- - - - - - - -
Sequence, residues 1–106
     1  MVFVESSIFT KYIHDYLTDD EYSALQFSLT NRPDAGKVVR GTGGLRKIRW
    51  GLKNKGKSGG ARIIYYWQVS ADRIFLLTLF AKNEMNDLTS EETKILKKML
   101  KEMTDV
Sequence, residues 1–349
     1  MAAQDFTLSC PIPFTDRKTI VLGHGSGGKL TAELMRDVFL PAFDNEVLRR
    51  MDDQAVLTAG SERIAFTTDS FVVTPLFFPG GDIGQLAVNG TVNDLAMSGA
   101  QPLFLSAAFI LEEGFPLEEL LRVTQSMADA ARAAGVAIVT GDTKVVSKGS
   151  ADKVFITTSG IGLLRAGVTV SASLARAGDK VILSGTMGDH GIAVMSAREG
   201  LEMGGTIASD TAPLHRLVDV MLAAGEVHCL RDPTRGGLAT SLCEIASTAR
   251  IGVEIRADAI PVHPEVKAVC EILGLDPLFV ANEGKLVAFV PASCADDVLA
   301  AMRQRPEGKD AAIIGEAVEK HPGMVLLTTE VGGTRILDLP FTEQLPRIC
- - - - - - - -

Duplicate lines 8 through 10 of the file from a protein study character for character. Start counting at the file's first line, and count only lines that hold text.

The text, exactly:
   101  QPLFLSAAFI LEEGFPLEEL LRVTQSMADA ARAAGVAIVT GDTKVVSKGS
   151  ADKVFITTSG IGLLRAGVTV SASLARAGDK VILSGTMGDH GIAVMSAREG
   201  LEMGGTIASD TAPLHRLVDV MLAAGEVHCL RDPTRGGLAT SLCEIASTAR